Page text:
On Jan. 18, President Obama rejected a Canadian firm’s application for a permit to build and operate the controversial Keystone XL pipeline, a massive project that would have stretched from Canada’s oil sands to refineries in Texas. Here’s a look at some of the key players in the pipeline plan and the protests against it.
May 24, 2011 William J. Burns testifies before the Senate Foreign Relations Committee hearing on his nomination to be deputy secretary of state on Capitol Hill in Washington. On Jan. 18, Burns will announce that the Obama administration is rejecting a Canadian firm’s application for a permit to build and operate a massive oil pipeline across the U.S.-Canada border, according to people who have been briefed on the matter. However, the administration will allow TransCanada to reapply after it develops an alternate route through the sensitive habitat of Nebraska’s Sandhills.Evan Vucci/AP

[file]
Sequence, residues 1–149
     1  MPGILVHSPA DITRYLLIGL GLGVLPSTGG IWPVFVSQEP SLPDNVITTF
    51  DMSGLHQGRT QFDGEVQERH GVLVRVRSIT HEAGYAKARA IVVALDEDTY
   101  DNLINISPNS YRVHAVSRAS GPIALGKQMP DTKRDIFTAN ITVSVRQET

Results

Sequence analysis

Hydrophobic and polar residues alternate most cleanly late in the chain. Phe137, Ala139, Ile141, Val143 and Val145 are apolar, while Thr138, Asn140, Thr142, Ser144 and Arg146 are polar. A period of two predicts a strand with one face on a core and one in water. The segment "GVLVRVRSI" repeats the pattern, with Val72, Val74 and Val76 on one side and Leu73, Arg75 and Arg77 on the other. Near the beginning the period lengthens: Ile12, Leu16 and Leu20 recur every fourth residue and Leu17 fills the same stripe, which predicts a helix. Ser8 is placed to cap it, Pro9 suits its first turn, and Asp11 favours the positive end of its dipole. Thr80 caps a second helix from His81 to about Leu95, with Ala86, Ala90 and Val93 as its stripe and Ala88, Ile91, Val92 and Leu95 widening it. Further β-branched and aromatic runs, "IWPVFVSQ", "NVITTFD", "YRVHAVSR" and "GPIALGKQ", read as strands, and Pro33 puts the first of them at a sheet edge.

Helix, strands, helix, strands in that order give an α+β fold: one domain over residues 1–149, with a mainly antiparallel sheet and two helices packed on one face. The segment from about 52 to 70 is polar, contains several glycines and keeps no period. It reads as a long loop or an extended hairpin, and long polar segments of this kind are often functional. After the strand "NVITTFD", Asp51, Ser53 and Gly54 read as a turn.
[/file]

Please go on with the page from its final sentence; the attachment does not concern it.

A group of 44 U.S. senators, all Republican but one, have signed on to proposed legislation that would authorize the Canada-to-Texas Keystone XL oil pipeline despite the refusal of President Obama to advance the project.